If you haven’t noticed, your mail carrier certainly has: Election season has arrived in California and with it, the regular flood of political ads from unions, corporations and other special interest groups hoping to influence your vote.
Though contributions made directly to political candidates are capped by state law, no such limits apply to “independent expenditure” committees — so long as those outside influences are, in fact, independent and don’t coordinate with the campaigns they’re trying to help.
With early voting already underway and just two weeks to go before the June 7 primary, millions of dollars of help is now inundating California, showing up in races up and down the ballot. Perhaps you’ve driven past a curious bobble-headed billboard, had your mailbox stuffed with mailers sponsored by innocuous-sounding neighborhood groups or been puzzled by campaign ads that seem to be promoting the wrong candidate.
That’s all the handwork of what California election watchers refer to simply as “I.E.”
Though independent political spending is still dwarfed in California by old-fashioned direct contributions to candidates, it can play an outsized role in competitive elections, said Ann Ravel, who has served as the top campaign finance watchdog for both the state of California and the federal government. As an unsuccessful Democratic candidate for state Senate in one of 2020’s most fiercely competitive legislative races, she knows from first-hand experience.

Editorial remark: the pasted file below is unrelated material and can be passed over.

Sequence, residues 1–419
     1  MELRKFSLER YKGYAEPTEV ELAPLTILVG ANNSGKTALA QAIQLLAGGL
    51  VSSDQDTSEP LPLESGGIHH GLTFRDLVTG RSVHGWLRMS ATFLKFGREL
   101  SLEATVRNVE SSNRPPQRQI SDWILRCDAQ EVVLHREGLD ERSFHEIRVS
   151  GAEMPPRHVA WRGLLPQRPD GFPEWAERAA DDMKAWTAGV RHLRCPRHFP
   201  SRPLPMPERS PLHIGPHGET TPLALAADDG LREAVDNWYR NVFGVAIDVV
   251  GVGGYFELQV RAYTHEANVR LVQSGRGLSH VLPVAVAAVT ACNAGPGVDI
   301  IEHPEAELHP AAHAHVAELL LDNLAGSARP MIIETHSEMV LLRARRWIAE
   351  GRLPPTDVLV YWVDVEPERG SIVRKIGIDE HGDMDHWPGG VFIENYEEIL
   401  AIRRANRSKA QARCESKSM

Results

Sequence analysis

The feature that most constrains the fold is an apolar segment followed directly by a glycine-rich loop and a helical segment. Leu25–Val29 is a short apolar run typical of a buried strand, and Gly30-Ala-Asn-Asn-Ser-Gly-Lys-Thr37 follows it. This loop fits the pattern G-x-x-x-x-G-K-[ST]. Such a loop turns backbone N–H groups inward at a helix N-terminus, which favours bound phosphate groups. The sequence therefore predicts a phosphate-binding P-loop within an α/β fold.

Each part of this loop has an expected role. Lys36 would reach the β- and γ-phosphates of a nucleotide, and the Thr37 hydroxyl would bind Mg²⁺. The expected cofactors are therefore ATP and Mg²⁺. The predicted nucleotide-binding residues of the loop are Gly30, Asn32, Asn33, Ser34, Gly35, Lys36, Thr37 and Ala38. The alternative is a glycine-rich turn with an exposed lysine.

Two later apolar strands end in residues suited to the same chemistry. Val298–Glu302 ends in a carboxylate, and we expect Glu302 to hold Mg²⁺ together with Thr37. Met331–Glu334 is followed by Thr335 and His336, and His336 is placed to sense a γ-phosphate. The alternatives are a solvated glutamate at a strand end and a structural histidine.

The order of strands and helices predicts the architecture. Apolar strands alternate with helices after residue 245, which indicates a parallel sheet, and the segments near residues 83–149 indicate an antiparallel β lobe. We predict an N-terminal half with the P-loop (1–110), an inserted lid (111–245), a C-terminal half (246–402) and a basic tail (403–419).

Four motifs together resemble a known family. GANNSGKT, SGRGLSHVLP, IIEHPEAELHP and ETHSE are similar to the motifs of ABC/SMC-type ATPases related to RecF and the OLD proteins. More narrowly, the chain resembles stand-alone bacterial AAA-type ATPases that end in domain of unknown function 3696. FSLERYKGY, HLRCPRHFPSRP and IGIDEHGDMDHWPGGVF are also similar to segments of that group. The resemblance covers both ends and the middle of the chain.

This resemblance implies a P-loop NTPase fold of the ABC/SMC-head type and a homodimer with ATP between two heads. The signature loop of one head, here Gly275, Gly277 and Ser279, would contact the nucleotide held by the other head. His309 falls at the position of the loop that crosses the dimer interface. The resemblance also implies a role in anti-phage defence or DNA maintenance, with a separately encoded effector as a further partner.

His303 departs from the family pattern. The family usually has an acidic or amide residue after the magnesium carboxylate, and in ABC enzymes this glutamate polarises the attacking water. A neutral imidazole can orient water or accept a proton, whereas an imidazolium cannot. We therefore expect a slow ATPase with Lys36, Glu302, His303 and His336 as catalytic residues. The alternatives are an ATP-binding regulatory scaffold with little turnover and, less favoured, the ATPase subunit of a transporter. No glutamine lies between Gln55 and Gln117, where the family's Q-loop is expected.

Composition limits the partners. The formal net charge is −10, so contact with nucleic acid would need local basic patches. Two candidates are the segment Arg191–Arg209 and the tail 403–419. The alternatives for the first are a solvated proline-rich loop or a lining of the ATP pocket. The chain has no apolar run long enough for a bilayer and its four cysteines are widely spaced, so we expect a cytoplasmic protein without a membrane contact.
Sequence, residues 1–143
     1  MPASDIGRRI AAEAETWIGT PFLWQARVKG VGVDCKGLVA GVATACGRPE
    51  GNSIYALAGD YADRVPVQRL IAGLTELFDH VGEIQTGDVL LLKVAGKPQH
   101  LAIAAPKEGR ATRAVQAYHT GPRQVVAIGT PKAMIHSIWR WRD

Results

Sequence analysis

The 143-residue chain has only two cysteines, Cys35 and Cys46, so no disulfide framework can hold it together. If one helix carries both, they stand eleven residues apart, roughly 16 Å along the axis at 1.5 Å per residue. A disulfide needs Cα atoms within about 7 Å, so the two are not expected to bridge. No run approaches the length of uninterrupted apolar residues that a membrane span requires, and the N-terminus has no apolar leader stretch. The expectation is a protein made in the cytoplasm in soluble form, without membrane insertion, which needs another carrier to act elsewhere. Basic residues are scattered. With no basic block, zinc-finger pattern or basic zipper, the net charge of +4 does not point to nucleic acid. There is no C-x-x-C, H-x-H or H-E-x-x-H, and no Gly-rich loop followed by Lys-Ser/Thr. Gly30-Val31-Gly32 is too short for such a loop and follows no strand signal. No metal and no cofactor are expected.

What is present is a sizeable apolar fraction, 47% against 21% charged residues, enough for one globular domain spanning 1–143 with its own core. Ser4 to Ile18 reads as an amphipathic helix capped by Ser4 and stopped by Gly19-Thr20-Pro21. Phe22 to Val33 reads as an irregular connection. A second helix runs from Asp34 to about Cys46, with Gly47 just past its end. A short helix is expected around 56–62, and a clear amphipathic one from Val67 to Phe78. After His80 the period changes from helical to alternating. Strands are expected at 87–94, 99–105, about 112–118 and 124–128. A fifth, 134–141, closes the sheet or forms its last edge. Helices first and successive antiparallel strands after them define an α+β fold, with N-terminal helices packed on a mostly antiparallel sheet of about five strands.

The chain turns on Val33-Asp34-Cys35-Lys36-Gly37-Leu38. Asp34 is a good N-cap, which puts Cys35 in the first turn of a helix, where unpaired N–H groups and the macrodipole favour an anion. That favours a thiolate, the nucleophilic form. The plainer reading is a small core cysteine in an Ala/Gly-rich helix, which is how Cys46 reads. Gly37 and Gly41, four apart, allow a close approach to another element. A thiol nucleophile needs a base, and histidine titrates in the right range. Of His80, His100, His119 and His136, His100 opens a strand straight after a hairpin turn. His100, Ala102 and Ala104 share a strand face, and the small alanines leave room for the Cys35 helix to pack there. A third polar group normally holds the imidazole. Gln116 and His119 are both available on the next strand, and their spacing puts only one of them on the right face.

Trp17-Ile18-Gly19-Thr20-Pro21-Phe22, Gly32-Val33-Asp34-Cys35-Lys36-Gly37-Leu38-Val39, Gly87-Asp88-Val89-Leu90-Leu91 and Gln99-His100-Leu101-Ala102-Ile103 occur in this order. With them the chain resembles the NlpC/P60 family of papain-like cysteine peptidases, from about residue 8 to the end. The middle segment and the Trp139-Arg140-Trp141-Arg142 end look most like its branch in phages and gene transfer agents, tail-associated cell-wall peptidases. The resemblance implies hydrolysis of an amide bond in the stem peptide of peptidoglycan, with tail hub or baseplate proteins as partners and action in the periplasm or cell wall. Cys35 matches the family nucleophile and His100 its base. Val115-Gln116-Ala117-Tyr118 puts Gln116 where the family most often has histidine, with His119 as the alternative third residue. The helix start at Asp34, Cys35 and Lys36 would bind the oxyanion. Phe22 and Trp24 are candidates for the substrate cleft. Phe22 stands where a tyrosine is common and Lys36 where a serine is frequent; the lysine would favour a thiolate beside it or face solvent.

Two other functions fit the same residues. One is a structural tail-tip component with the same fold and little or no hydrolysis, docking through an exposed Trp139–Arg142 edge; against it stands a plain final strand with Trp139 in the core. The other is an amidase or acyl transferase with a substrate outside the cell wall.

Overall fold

“When you see it in person, it’s a lot different than when you see it as a regulator,” said Ravel, whose South Bay race against fellow Democrat Dave Cortese became a $6.2 million proxy battle between organized labor groups, housing interests and tech companies including Uber and Lyft. “I remember thinking, ‘Oh God, now I have to go to all these meetings with all these people and suck up to them?’”
Unlike relatively small individual contributions, six-figure spending by a single interest group in a close race can be difficult for a candidate to ignore, she said. “You have to be able to compete…I think that’s the problem.”
Another common feature of independent expenditure committees, said Claremont McKenna College political science professor Jack Pitney, is that they most often play the role of bad cop, attacking candidates they want to knock off.
“It provides a certain degree of cover to the candidate who benefits,” he said. “They can’t be accused of going negative.”
Even for seasoned politicos and election reporters, the rivers of cash can be complicated to track — and sometimes even convoluted to make sense of. For the fascinated, outraged or perplexed voter, consider this your user’s guide.
Shades of blue
Accounting and financial oversight doesn’t always inflame political passions, but the race to become California’s next controller is shaping up to be among the most competitive statewide races. With five well-financed candidates — four of them Democrats — and no clear front-runner, it’s a remarkably open race. Just in terms of money raised by the campaigns, themselves, it’s the highest-dollar statewide race.
The conventional wisdom is that Lanhee Chen, the lone Republican, will snag one of the two spots for the November ballot. That leaves the four Democrats fighting for the second spot.
Enter JobsPAC, an IE committee sponsored by the California Chamber of Commerce.
“The race for a spot in the general election is a jump ball between the four major Democratic candidates — each start with limited name ID and no statewide bully pulpit for communications,” reads a strategic memo produced by the committee earlier this month.